I picked up several photographs from the archives of Kwangju Minjung Hangjaeng Sigak ônô Kongjang to illustrate my class on the Kwangju events of 1980 and its effects, among them screenshots from KBS news (see archive page) on May 27 which conveys the info from the martial law command (Kyeômsa). One screenshot was about the arrest of the former Southern Jeolla police chief An Byeong-ha. I didn't give a further thought (read: considered that I had already used enough time to prepare the lecture) to it, but accidentally Ohmynews carried the very same day a piece of news that the named An, who had been arrested at the time of the final suppression of the uprising for having refused orders to suppress the demonstration by very harsh means. According to another article, An had for example ordered the police not to carry arms when the paratroopers were on the rampage in Kwangju. Soldiers arrested An and took him for questioning; he died in 1988 never recovering physically from the torture. As part of the restoration of his honor, he will be reburied to the National cemetary (Hyônch'unwôn).
Former Southern Jeolla chief of police An Byeong-ha arrested
-Martial law authorities
Update, Nov 26, 2005
Matt adds in the comments:
In this book journalist Kim Yang-woo writes about An's arrest. After public servants and police returned to the do cheong after it was retaken by the army, a general arrived who gave An a dressing down, and then let him leave. Immediately after letting him walk away, he ordered some MPs to go arrest him. Funny guy, that general. (Kim also saw a number of citizen army soldiers bound on the ground, "strung together like fish", who he thought were dead. When one of the 'dead' people started shouting that soldiers were killing bound prisoners, the soldiers proceeded to stomp him (presumably) to death.)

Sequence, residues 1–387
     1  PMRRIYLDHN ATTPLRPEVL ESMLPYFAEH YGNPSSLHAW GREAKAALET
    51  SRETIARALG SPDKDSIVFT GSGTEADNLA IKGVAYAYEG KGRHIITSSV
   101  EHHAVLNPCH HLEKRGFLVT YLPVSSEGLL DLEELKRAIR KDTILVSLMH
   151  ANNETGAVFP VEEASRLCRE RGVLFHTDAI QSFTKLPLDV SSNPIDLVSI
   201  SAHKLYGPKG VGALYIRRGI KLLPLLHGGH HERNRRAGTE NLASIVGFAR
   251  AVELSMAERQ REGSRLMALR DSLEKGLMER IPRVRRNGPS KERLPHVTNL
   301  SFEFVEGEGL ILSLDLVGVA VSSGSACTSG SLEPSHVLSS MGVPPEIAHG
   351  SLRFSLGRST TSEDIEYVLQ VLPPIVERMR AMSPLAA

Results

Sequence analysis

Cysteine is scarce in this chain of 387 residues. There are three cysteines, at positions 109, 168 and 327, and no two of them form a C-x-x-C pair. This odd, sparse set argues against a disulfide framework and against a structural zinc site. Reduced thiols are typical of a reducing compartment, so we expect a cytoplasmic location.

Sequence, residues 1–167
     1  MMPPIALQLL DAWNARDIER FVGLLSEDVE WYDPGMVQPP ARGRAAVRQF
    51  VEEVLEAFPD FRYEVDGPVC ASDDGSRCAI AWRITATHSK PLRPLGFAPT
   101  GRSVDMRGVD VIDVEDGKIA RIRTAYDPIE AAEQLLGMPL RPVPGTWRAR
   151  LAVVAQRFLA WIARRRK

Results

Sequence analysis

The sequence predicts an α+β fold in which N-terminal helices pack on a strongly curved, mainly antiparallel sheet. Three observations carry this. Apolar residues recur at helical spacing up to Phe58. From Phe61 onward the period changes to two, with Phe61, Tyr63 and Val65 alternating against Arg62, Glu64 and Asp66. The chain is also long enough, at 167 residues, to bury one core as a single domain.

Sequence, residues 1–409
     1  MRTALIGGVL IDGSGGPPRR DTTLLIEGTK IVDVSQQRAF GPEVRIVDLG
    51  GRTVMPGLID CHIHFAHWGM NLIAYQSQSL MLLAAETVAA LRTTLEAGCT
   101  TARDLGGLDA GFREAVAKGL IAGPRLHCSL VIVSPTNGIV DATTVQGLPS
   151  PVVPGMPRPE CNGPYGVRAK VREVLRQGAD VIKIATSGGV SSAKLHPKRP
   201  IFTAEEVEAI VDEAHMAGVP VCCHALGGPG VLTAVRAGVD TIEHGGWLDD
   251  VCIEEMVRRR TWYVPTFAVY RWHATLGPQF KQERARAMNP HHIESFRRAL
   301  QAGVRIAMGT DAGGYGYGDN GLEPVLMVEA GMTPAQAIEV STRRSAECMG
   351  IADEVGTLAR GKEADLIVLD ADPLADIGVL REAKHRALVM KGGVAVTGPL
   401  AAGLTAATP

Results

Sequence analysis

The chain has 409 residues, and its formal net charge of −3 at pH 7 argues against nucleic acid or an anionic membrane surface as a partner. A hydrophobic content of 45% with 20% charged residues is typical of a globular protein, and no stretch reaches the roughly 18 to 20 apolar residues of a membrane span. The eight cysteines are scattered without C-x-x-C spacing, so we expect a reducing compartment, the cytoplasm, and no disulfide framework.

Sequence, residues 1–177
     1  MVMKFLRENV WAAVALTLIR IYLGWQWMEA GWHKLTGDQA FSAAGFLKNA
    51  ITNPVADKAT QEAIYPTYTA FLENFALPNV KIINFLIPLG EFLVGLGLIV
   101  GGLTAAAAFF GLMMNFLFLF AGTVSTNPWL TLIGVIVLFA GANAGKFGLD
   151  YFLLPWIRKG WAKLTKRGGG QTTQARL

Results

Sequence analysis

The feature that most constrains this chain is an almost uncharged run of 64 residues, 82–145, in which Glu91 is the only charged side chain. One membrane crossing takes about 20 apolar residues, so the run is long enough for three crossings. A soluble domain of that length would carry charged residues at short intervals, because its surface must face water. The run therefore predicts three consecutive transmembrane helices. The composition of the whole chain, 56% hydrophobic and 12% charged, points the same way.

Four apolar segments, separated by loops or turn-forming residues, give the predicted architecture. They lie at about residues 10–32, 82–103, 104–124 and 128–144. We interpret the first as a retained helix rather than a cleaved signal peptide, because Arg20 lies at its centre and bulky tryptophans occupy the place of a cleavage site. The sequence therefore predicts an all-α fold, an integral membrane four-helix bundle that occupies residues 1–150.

A chapter by Lee Jae-eui (writer of Beyond Death, Beyond the Darkness of the Age) mentions that one reason why student demonstrations in Kwangju before the crackdown on the 17th were not violent (unlike the demos in Seoul) was because of cooperation between An and student leaders.
"[The] torch-lit parade on the night of May 16th was made possible by Park Gwan Hyun, the president of the Chonnam University student union, having a chat with Ahn Byung Ha." He goes on to note that both of these people were arrested, and Park died in prison in 1982. He also quotes An's widow:
"My husband died in 1988. Before his death he used to say that he decided to protect the citizens of Kwangju from the brutal martial law army. He declined to obey an order from the army to suppress demonstrations in Kwangju. His actions embarrassed Martial Law Command. That was why they immediately arrested him. He was ferociously tortured and quit his career. He was sick in bed for years."
The book Matt quotes is The Kwangju Uprising: Eyewitness Press Accounts of Korea's Tiananmen (ed. Henry Scott-Stokes and Jai Eui Lee). I've never found the designation "Korea's Tiananmen" really satisfying; not that the both were not large-scale atrocities perpetrated by the government, but to define the events of Kwangju by a place of similar violence which took place nine years later doesn't go the right way. It should perhaps be other way around, except that at least at the moment I'm not aware of any democracy movement in the name of "Tiananment spirit". Tiananmen of 1989 hasn't been China's Kwangju this far.
Categories at del.icio.us/hunjang: contemp.history ∙ Koreansociety ∙ people